Voices of Ascension, April 14, 2021
I heard Voices of Ascension in a concert of “Baroque Favorites” on April 26, 2021 (it had been streamed on April 14). It was mostly video of previous performances with a couple new things thrown in to make it feel more fresh and special. They opened with a performance of Monteverdi’s “Beatus Vir,” done with six vocal soloists and a handful of instruments. Everyone sang and played with a delicious, juicy sense of the style.
The chorus sang an a cappella piece by Henry Purcell, “Thou Knowest, Lord.” Gorgeous, radiant, very high English.
Next, one of the newly recorded pieces, the “Domine Deus” from the Vivaldi *Gloria.* I could tell is was new because everyone but the oboist were wearing masks! The ensemble was soprano Nola Richardson, oboist Diane Lesser, cellist Daire FitzGerald, and artistic director Dennis Keene at the organ. I know the Vivaldi *Gloria* is a piece that’s done by every high school choir on earth, but I’ve never sung it and don't really know it. What a delightful aria, beautifully performed.
Another new performance, baritone Justin Austin singing “Ombra mai fu” from Handel’s *Serse.* I know I’m splitting hairs and we should feel free to do whatever we want with music by dead white dudes, but this aria was written for a mezzo voice. Austin sounded glorious, I especially liked how his voice opened up at the top, but it sounded not quite right.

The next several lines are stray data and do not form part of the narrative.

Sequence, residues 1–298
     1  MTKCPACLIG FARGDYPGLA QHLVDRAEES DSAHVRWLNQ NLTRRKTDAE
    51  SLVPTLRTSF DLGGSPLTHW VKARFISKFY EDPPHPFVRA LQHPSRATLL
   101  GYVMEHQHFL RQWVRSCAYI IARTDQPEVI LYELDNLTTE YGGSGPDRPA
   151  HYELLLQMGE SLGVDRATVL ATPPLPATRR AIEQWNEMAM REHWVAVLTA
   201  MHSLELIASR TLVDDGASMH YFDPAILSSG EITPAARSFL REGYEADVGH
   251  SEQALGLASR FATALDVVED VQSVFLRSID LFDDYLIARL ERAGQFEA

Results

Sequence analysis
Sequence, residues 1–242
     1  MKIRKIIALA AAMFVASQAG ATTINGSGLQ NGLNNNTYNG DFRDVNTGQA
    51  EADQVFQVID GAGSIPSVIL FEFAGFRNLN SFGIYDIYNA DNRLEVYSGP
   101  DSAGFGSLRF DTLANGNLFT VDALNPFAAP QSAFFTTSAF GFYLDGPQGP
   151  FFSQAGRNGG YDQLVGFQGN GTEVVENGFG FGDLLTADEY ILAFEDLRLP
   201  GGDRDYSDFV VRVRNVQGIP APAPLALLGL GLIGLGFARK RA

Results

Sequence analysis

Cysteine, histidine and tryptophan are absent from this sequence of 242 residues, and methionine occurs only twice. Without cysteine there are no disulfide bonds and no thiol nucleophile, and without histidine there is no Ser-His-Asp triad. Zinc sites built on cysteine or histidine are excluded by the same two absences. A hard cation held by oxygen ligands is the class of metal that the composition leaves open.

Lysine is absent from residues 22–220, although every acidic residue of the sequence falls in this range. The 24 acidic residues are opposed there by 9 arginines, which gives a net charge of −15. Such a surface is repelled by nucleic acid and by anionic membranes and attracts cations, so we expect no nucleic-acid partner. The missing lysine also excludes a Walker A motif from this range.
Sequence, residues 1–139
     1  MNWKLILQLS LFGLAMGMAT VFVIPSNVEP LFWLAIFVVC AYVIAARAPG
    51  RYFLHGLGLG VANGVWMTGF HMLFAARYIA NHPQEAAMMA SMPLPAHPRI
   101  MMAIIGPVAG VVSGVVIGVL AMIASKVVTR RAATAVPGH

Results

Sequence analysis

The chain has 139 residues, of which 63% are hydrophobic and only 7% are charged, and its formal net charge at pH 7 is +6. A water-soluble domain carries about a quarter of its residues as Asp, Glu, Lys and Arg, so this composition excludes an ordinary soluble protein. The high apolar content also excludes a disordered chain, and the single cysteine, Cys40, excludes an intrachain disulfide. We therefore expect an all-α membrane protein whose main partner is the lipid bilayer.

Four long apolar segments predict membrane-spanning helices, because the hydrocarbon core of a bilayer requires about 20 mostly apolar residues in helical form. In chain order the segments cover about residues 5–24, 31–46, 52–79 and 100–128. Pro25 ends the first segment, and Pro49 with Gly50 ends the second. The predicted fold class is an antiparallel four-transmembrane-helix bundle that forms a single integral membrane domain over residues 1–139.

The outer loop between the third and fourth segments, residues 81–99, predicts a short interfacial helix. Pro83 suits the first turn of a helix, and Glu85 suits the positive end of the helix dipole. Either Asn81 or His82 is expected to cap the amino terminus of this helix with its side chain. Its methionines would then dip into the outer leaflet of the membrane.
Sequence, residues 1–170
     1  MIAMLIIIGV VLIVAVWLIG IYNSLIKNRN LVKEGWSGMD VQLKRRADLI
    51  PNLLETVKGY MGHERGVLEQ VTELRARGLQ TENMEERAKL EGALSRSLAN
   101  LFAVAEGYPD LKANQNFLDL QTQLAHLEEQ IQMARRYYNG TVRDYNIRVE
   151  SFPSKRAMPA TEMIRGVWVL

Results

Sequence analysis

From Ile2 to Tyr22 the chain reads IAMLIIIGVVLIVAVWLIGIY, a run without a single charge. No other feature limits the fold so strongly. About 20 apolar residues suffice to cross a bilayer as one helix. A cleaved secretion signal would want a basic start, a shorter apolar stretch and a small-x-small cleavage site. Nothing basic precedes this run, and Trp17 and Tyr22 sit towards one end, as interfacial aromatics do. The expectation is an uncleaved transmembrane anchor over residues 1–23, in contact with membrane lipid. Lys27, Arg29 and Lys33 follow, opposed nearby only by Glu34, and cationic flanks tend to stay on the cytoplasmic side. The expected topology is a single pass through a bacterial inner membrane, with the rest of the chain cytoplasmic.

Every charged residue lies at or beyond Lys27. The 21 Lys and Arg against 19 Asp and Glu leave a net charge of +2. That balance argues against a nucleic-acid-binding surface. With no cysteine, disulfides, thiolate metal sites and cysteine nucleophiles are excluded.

Another Handel aria, “Waft Her, Angels, to the Skies” from *Jephthe,* sung by tenor Brian Giebler with Adam Cockerham on archlute. Giebler had a lovely voice, it was particularly wonderful hearing it move out into the church. This was a highlight of the concert. Here's Giebler singing "Comfort Ye" from *Messiah*:
What a treat to hear “Sound the Trumpet” sung by two countertenors, Daniel Moody and Clifton Massey. The piece has a bit of diva posturing and competition built into it and they seemed to enjoy that element. Within the bounds of good taste, of course.
The chorus sang the Vivaldi *Magnificat in G Minor.* From the first movement I was impressed with the blend of the chorus and the chorus’s blend with the orchestra - - it was a shimmering carpet of sound. The piece on the whole made me wish I could see a Vivaldi opera, it sure did have plenty of variety and drama. Or maybe I’ll just get a recording of a Vivaldi opera from the New York Public Library.
The next selection was a wish granted, a wish I didn’t even realize I had: Brian Giebler and Adam Cockerham, the tenor and archlutenist from earlier, performed John Dowland’s priceless song “Flow My Tears.” Again, a highlight of the program. Gieber’s performance was wonderfully expressive, an impressive achievement given he was wearing a mask over the lower half of his face.
They ended with Handel’s Coronation Anthem from *Zadok the Priest,* which I think is used in every freaking PBS program ever made about the English royal family. Talk about pomp, I think this piece set the standard. V of A, naturally, nailed it.